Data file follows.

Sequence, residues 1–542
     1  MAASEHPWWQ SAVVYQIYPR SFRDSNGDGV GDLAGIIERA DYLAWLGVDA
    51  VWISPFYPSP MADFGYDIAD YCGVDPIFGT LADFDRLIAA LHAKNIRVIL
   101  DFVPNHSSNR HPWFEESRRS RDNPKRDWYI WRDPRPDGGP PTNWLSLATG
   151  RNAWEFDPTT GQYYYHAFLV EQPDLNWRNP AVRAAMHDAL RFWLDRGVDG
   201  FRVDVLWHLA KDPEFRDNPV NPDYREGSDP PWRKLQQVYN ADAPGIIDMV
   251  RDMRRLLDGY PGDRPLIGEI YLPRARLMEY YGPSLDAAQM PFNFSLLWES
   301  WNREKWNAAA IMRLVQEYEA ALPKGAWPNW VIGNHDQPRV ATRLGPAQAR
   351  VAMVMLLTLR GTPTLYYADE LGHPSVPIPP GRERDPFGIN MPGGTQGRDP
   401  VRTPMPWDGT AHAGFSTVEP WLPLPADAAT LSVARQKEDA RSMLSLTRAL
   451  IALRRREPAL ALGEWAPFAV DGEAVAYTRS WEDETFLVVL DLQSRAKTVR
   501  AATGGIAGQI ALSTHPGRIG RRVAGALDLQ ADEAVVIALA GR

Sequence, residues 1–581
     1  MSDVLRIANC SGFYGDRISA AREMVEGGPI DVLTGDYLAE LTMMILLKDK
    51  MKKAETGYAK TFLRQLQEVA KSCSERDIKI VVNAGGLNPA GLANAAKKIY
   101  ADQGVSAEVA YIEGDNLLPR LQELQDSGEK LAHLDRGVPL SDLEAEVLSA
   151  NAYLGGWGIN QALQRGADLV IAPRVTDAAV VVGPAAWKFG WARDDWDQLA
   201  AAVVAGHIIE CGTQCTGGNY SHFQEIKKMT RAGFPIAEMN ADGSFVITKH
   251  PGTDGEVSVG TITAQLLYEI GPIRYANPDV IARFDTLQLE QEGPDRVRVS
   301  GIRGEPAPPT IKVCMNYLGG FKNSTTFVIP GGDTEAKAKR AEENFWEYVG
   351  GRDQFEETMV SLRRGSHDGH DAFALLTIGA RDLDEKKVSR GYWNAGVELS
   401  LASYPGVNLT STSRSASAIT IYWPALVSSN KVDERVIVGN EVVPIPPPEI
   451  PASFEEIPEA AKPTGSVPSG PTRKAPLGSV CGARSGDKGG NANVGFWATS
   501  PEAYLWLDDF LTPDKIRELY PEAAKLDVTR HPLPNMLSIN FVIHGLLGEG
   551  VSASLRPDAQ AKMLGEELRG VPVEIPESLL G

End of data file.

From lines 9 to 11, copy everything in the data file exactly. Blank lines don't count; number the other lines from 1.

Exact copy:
   351  VAMVMLLTLR GTPTLYYADE LGHPSVPIPP GRERDPFGIN MPGGTQGRDP
   401  VRTPMPWDGT AHAGFSTVEP WLPLPADAAT LSVARQKEDA RSMLSLTRAL
   451  IALRRREPAL ALGEWAPFAV DGEAVAYTRS WEDETFLVVL DLQSRAKTVR